Marking time in August 2004
Another milestone passed. Tonight I saw the first sheets of the book cover come off the press. I went out to the printing works and watched the press operators run a series of test sheets through the press, measure the density of the colour control patches and tune the ink flow to different parts of the plates.
The book cover includes nine photographs. Except for one digital camera file, they are all reproduced from scans that I made of prints, transparencies and negatives. I had to learn some new tricks, and I was apprehensive about the result. It was a relief to see accurate colour reproductions coming off the press, and a pleasure to sign the approved stamp on the sample sheet.
From Sally, an invitation:
You are invited to Father’s Night
This is a night when you and I can play with the things that I love doing at preschool. We will finish with supper so could you please bring a very small plate of food to share.
The way we do business in the military
From a mailing list message from an American soldier in Afghanistan:
Technology has changed the way we do business in the military. It does seem somewhat bizarre to have unfettered internet access in the middle of nowhere. I can sit in my tent with my ThinkPad and email, IM, and browse the internet the same as if I was sitting in my living room back in Georgia. Myself and 39 other buddies purchased a satellite system from an outfit out of India. The ISP is actually in Germany and we get just about T1 bandwidth which is split up 40 ways if everyone is on (which doesn’t occur due to different work shifts). We “beam” it out via Wi-Fi to the different tents. Even our aircraft (I’m in a CH-47 Chinook unit) are on an intranet of sorts. The system called Blue Force Tracker allows secure tracking of all the different aircraft (and ground elements) within the theater real time. We can email between aircraft and to our headquarters during flight…all with satellite technology. I’ve hardly sent a snail mail letter since I’ve been here.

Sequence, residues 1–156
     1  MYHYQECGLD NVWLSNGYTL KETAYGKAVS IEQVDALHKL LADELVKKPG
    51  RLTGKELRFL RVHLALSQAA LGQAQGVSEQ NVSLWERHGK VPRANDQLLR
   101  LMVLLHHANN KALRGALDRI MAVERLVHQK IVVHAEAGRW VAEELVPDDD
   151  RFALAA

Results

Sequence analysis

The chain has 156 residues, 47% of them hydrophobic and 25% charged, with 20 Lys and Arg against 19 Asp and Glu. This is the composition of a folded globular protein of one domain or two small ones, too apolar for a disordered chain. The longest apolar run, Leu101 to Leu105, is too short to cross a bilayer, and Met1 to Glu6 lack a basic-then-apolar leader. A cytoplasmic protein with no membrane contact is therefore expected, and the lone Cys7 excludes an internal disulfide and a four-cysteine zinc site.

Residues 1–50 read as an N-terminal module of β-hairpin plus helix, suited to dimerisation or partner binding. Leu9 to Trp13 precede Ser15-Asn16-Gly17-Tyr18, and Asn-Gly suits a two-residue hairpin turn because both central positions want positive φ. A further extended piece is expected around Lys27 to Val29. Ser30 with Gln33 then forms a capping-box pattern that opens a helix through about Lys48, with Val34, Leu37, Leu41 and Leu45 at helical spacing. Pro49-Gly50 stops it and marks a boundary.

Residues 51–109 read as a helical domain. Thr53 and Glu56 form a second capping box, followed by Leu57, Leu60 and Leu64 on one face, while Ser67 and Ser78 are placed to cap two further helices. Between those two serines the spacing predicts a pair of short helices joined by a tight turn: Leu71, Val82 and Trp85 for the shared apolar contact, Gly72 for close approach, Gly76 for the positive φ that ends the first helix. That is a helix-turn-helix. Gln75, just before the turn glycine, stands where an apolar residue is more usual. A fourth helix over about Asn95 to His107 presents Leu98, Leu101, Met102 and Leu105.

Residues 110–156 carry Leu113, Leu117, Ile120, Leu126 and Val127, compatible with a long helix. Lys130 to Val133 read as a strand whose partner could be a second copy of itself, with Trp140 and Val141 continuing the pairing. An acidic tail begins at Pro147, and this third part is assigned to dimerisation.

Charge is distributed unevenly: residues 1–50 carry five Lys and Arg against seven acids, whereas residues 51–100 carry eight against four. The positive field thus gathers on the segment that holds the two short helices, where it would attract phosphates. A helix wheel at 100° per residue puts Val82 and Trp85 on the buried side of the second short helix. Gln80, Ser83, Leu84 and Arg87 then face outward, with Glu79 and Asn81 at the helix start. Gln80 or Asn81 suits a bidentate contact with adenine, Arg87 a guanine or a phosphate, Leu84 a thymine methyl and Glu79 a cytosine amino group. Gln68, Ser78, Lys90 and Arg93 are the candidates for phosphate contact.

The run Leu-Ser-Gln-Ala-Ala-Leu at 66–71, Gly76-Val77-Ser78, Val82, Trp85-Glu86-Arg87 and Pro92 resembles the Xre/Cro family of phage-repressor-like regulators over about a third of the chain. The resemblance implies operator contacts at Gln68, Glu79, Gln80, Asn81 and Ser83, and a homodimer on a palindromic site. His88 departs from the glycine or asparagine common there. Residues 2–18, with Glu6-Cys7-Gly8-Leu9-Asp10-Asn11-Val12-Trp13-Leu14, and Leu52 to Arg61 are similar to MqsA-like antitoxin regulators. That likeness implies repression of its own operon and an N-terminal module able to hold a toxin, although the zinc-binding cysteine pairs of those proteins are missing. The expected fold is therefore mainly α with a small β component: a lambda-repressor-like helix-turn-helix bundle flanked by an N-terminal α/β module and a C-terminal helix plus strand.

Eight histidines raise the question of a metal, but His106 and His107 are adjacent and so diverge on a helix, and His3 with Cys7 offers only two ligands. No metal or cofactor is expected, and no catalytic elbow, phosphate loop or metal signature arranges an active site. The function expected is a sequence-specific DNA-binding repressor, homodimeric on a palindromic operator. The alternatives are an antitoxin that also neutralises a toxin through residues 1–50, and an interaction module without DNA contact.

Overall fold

This morning Margie and I took a walk around Highgate Hill. Just checking on things that have changed, and things that have not, while we were away. We sadly counted the old houses being demolished in Dornoch Terrace, and glumly inspected where The Gully used to be.
But there were good things too. The City Council has been at work in the little park at the top of the hill. Paths and seats have been repaired. The gardens have been tended.
At the highest point in this park stands a concrete pedestal. There used to be a brass disk on it, engraved with pointers and text identifying the landmarks — the river, the city hall, distant mountains. Years ago the disk was carried off by vandals and, for most of the time I have lived here, the top of the pedestal has been bare.
Now at last, the pedestal has been repaired, and the disk replaced by a sundial.
It’s a cast bronze sundial of conventional design and middling quality. So far, so good.
But we have a problem. The pedestal stands inside (that is, shaded by) the beautiful little viewing pavilion. What were they thinking of?
Driving a nail
My contact sheets may be compared to the way you drive a nail in a plank. First you give several light taps to build up a rhythm and align the nail with the wood. Then, much more quickly, and with as few strokes as possible, you hit the nail forcefully on the head and drive it in.
I’m unlikely to ever see those contact sheets, so I have to rely on clues like this one from the obit:
Photographers and others who saw him work talked about his swift and nimble ability to snap a picture undetected (sometimes he even masked the shiny metal parts of his camera with black tape). They also admired his coolness under pressure. Louis Malle remembered that despite all the turmoil at the peak of the student protests in Paris, in May 1968, Cartier-Bresson took photographs at the rate of only about four per hour.